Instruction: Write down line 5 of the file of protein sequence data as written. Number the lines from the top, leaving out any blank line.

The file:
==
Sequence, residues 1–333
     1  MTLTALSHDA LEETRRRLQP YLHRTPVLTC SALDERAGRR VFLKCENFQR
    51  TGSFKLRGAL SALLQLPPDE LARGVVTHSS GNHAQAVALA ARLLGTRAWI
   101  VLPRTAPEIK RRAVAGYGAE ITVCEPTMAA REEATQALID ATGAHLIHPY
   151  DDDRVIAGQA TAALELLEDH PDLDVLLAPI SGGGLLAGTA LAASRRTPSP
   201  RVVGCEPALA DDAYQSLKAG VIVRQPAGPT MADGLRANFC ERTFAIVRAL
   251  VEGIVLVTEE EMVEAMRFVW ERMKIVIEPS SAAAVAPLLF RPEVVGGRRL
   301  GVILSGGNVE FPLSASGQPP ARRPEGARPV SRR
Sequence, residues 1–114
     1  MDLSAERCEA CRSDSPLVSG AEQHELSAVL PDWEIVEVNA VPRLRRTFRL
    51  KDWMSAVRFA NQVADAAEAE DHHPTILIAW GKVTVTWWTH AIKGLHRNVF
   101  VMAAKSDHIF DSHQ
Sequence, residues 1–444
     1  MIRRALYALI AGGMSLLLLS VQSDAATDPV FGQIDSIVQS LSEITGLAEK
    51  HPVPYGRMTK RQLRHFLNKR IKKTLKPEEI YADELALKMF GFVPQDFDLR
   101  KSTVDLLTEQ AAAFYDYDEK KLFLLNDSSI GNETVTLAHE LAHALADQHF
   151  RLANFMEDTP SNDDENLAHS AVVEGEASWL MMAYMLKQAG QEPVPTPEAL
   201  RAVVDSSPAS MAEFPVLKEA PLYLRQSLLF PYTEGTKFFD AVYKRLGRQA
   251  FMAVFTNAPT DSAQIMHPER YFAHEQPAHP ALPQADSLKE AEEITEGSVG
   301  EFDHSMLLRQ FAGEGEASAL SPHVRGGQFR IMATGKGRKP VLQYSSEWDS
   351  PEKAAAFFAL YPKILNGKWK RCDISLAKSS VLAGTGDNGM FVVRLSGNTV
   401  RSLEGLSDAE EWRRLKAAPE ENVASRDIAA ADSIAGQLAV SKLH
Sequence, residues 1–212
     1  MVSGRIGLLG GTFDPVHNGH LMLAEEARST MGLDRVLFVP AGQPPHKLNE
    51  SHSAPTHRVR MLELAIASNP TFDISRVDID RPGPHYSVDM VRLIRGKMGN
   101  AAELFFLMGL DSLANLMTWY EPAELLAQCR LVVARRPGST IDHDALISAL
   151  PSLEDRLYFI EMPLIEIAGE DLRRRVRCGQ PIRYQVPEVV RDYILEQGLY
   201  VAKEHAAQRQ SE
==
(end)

   151  DDDRVIAGQA TAALELLEDH PDLDVLLAPI SGGGLLAGTA LAASRRTPSP